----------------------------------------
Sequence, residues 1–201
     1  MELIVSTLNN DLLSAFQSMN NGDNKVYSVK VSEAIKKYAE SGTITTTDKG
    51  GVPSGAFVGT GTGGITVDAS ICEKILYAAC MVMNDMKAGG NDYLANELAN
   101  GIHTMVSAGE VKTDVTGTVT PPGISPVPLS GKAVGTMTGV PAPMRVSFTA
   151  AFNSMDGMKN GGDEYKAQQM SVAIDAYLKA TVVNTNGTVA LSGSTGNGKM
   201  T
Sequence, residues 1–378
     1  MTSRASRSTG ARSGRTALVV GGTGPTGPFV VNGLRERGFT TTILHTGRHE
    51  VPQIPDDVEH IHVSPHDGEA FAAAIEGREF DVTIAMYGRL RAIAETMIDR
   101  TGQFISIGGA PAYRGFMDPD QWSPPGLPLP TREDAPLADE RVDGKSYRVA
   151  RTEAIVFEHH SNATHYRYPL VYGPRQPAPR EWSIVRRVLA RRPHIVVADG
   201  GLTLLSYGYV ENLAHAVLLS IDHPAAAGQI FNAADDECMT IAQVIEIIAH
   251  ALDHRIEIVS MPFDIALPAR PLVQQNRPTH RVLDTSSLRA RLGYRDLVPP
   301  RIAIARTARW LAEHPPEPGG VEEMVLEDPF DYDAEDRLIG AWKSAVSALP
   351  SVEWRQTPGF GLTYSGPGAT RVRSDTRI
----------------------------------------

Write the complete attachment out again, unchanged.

Sequence, residues 1–201
     1  MELIVSTLNN DLLSAFQSMN NGDNKVYSVK VSEAIKKYAE SGTITTTDKG
    51  GVPSGAFVGT GTGGITVDAS ICEKILYAAC MVMNDMKAGG NDYLANELAN
   101  GIHTMVSAGE VKTDVTGTVT PPGISPVPLS GKAVGTMTGV PAPMRVSFTA
   151  AFNSMDGMKN GGDEYKAQQM SVAIDAYLKA TVVNTNGTVA LSGSTGNGKM
   201  T
Sequence, residues 1–378
     1  MTSRASRSTG ARSGRTALVV GGTGPTGPFV VNGLRERGFT TTILHTGRHE
    51  VPQIPDDVEH IHVSPHDGEA FAAAIEGREF DVTIAMYGRL RAIAETMIDR
   101  TGQFISIGGA PAYRGFMDPD QWSPPGLPLP TREDAPLADE RVDGKSYRVA
   151  RTEAIVFEHH SNATHYRYPL VYGPRQPAPR EWSIVRRVLA RRPHIVVADG
   201  GLTLLSYGYV ENLAHAVLLS IDHPAAAGQI FNAADDECMT IAQVIEIIAH
   251  ALDHRIEIVS MPFDIALPAR PLVQQNRPTH RVLDTSSLRA RLGYRDLVPP
   301  RIAIARTARW LAEHPPEPGG VEEMVLEDPF DYDAEDRLIG AWKSAVSALP
   351  SVEWRQTPGF GLTYSGPGAT RVRSDTRI